It’s that old conundrum of whether you should keep family matters private, but it works here, and anecdotal evidence suggests David’s folks would approve too. Furthermore, a fair proportion of us out there identified with his comic recollections of his parents, many moments of which I’d hazard a guess he wouldn’t have been laughing at when they happened, wracked by embarrassment.

This wasn’t throwaway humour either, but more about honouring two special people and their extraordinary lives – David mum Sarah was a refugee from Nazi Germany – in what proved a worthy tribute via warm recollections that proved they were no saints but were certainly good people, for all their foibles. As the man himself told me, “You have a choice of going to silence or a very bland memory of them being a lovely person, or the true story, which will be more complicated. I consider it to be a bigger act of love to tell the true story.”

From everything David tells you about his Mum – who you may recall from past TV appearances with her son – you know she’d have appreciated being the centre of attention for much of the night, even when – or perhaps even particularly – the stories involved such sordid details. I won’t go into all that here – go see the show for yourself – but I certainly heard my old man’s own inappropriate humour in some of the stories about Colin. Couple that with Sarah’s bold as brass view on life and I guess it’s no surprise David ended up in this line of work.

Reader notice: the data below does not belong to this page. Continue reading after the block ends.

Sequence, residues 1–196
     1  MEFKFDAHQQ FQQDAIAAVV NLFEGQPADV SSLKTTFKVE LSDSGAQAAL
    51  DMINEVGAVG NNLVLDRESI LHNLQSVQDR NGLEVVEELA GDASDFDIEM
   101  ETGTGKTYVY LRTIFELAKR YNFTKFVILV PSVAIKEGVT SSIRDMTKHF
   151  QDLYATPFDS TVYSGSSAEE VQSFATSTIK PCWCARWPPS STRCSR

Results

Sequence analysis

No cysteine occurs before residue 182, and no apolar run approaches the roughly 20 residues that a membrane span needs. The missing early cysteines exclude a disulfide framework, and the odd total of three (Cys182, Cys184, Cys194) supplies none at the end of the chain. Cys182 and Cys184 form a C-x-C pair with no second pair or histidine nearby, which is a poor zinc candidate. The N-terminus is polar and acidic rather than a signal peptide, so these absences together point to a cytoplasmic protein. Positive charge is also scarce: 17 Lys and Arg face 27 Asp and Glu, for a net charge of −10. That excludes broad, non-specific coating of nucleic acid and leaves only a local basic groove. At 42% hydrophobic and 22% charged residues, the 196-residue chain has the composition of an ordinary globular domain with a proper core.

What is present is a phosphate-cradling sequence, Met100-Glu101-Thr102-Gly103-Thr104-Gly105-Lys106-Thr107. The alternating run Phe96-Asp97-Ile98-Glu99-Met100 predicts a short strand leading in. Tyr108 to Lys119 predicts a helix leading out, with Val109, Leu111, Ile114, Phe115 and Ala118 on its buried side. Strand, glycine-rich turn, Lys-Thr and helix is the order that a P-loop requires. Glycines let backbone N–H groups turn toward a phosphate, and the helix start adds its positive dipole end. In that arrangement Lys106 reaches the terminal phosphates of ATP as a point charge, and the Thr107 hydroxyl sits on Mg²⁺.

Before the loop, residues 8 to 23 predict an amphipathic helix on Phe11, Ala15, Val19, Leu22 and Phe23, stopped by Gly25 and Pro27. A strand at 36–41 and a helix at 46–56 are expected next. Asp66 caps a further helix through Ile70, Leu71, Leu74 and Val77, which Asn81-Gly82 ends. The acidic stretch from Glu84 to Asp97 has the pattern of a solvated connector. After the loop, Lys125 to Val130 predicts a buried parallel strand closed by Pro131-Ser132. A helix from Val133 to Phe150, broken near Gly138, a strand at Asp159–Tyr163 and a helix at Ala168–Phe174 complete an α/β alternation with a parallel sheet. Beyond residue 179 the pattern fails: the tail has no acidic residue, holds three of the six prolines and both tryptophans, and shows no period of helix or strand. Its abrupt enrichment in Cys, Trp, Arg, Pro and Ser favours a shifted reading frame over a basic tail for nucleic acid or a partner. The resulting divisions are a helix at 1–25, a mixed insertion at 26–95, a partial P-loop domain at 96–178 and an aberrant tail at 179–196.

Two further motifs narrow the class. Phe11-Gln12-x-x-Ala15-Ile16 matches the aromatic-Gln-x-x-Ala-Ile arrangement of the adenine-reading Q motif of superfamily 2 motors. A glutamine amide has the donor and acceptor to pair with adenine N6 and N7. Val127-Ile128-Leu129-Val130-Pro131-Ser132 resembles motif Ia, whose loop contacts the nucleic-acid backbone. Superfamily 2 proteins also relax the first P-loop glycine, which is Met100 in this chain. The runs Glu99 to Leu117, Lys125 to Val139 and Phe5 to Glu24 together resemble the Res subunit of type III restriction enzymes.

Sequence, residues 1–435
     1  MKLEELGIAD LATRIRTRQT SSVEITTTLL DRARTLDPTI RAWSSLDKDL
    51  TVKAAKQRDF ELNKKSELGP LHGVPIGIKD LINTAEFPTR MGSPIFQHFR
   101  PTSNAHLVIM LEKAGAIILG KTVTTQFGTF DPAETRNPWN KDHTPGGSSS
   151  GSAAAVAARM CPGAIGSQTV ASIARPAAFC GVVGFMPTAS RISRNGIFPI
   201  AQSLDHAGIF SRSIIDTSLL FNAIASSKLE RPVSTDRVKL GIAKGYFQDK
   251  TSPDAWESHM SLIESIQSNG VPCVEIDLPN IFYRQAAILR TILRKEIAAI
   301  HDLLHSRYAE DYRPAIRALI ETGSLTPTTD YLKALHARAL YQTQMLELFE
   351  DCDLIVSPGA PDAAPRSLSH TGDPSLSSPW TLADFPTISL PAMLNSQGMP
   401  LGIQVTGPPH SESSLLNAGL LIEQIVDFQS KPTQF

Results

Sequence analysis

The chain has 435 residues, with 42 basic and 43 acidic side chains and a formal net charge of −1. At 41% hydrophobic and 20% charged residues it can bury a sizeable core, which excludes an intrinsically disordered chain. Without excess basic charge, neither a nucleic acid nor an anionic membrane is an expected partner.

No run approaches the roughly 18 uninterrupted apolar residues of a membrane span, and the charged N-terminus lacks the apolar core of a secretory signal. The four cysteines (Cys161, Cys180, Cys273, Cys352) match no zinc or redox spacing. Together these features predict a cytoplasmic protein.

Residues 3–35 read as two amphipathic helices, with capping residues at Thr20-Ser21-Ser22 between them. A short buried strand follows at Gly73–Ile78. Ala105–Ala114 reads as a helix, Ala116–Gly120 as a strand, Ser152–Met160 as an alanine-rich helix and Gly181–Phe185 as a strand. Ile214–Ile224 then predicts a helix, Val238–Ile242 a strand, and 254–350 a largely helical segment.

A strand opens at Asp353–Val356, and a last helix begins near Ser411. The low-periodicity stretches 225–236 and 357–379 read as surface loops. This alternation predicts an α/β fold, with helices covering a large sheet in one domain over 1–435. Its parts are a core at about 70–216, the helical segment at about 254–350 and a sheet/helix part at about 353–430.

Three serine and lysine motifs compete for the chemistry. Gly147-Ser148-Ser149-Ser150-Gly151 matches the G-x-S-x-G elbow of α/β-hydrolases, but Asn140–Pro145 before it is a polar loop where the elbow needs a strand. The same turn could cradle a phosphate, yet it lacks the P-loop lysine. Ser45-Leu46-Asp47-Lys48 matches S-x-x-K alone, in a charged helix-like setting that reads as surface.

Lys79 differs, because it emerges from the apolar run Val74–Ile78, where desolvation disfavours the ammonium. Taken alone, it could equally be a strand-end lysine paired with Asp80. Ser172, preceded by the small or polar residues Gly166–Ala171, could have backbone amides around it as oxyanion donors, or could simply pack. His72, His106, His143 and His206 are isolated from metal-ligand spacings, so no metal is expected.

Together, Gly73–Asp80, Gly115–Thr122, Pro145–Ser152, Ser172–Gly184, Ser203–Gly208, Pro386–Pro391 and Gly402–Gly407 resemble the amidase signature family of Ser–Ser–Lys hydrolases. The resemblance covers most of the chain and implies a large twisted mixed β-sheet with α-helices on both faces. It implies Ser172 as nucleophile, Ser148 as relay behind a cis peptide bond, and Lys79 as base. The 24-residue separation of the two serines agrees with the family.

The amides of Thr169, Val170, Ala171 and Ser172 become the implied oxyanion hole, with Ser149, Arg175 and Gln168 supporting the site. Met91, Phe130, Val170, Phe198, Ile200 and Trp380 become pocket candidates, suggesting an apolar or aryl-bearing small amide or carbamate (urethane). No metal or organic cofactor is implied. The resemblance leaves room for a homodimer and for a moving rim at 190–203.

The premise of the show is simple enough – engaging, witty bloke gives multi-media slide presentation, sharing memories of his Mum, Dad, grandparents, wife (comedian Morwenna Banks), children and cats. But there’s much more to it, and certainly a lot of warmth and comic craft. What’s more, we came away feeling a little closer to not only David, but Colin and Sarah Baddiel too, on what – for extra poignancy – would have marked the latter’s birthday.

Family Man: David Baddiel, out on tour through to early July

For further dates and ticket details for David Baddiel’s My Family: Not the Sitcom tour, head here.

About writewyattuk

A freelance writer and family man being swept along on a wave of advanced technology, but somehow clinging on to reality. It's only a matter of time ... A highly-motivated scribbler with a background in journalism, business and life itself. Away from the features, interviews and reviews you see here, I tackle novels, short stories, copywriting, ghost-writing, plus TV, radio and film scripts for adults and children. I'm also available for assignments and write/research for magazines, newspapers, press releases and webpages on a vast range of subjects. You can also follow me on Facebook via https://www.facebook.com/writewyattuk/ and on Twitter via @writewyattuk. Legally speaking, all content of this blog (unless otherwise stated) is the intellectual property of Malcolm Wyatt and may only be reproduced with permission.